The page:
13. Joseph Stiglitz, 1974. "Growth with Exhaustible Natural Resources: Efficient and Optimal Growth Paths," Review of Economic Studies, Oxford University Press, vol. 41(5), pages 123-137.
    14. Stokey, Nancy L, 1998. "Are There Limits to Growth?," International Economic Review, Department of Economics, University of Pennsylvania and Osaka University Institute of Social and Economic Research Association, vol. 39(1), pages 1-31, February.
    15. Tahvonen Olli & Kuuluvainen Jari, 1993. "Economic Growth, Pollution, and Renewable Resources," Journal of Environmental Economics and Management, Elsevier, vol. 24(2), pages 101-118, March.
    16. Aghion, Philippe & Howitt, Peter, 1996. "Research and Development in the Growth Process," Journal of Economic Growth, Springer, vol. 1(1), pages 49-73, March.
    Full references (including those not matched with items on IDEAS)

    Citations

    Citations are extracted by the CitEc Project, subscribe to its RSS feed for this item.
    as


    Cited by:

    1. Guillaume Pouyanne, 2005. "Land Use mix and Daily Mobility - the Case of Bordeaux, France," ERSA conference papers ersa05p84, European Regional Science Association.
    2. Rodrigues, João & Domingos, Tiago & Conceição, Pedro & Belbute, José, 2005. "Constraints on dematerialisation and allocation of natural capital along a sustainable growth path," Ecological Economics, Elsevier, vol. 54(4), pages 382-396, September.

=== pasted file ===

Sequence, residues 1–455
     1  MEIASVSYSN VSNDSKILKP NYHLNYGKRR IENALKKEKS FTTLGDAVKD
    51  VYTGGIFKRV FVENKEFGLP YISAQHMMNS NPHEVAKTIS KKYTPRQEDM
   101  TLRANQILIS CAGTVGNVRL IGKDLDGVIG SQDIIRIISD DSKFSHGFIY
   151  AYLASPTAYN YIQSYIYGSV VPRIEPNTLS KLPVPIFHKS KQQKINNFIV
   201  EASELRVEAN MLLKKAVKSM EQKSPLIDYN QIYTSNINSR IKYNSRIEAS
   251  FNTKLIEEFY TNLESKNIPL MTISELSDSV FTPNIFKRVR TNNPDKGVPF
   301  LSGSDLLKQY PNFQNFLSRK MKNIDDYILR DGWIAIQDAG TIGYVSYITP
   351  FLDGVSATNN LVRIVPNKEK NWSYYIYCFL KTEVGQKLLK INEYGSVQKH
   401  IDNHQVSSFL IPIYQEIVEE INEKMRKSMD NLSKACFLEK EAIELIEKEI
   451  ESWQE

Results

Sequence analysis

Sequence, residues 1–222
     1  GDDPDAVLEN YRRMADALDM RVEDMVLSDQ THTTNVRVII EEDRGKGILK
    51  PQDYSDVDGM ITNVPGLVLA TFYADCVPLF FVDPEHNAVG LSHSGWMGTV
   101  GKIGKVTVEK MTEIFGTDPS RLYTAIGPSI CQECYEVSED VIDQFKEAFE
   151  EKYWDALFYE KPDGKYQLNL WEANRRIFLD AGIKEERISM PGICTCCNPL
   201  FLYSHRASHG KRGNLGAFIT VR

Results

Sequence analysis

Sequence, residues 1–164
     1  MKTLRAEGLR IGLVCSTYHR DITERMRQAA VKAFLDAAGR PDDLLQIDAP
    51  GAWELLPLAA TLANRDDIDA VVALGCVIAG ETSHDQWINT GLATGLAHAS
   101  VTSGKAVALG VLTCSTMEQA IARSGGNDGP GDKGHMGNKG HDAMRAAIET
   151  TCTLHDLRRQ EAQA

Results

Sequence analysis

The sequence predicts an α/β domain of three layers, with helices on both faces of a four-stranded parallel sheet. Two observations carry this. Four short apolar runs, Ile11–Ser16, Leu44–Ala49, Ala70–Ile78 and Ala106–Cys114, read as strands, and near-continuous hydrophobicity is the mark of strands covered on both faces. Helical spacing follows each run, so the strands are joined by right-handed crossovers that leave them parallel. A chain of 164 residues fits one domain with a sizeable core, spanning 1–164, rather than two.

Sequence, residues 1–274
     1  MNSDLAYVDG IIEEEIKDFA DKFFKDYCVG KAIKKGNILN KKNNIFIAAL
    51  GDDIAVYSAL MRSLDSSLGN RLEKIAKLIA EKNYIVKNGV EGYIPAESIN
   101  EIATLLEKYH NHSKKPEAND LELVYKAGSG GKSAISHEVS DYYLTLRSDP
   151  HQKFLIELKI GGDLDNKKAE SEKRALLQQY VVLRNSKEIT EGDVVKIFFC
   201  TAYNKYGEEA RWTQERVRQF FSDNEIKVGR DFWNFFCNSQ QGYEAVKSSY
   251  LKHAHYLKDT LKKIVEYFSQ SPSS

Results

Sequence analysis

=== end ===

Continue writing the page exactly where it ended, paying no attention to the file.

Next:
3. Pouyanne, Guillaume, 2010. "Urban form and daily mobility. Methodological aspects and empirical study in the case of Bordeaux," European Transport \ Trasporti Europei, ISTIEE, Institute for the Study of Transport within the European Economic Integration, issue 44, pages 76-95.

    More about this item

    Statistics

    Access and download statistics

    Corrections

    All material on this site has been provided by the respective publishers and authors. You can help correct errors and omissions. When requesting a correction, please mention this item's handle: RePEc:eee:ecolec:v:40:y:2002:i:2:p:253-267. See general information about how to correct material in RePEc.

    For technical questions regarding this item, or to correct its authors, title, abstract, bibliographic or download information, contact: (Dana Niculescu). General contact details of provider: http://www.elsevier.com/locate/ecolecon .

    If you have authored this item and are not yet registered with RePEc, we encourage you to do it here. This allows to link your profile to this item. It also allows you to accept potential citations to this item that we are uncertain about.

    If CitEc recognized a reference but did not link an item in RePEc to it, you can help with this form .

    If you know of missing items citing this one, you can help us creating those links by adding the relevant references in the same way as above, for each refering item. If you are a registered author of this item, you may also want to check the "citations" tab in your RePEc Author Service profile, as there may be some citations waiting for confirmation.

    Please note that corrections may take a couple of weeks to filter through the various RePEc services.

    IDEAS is a RePEc service hosted by the Research Division of the Federal Reserve Bank of St. Louis . RePEc uses bibliographic data supplied by the respective publishers.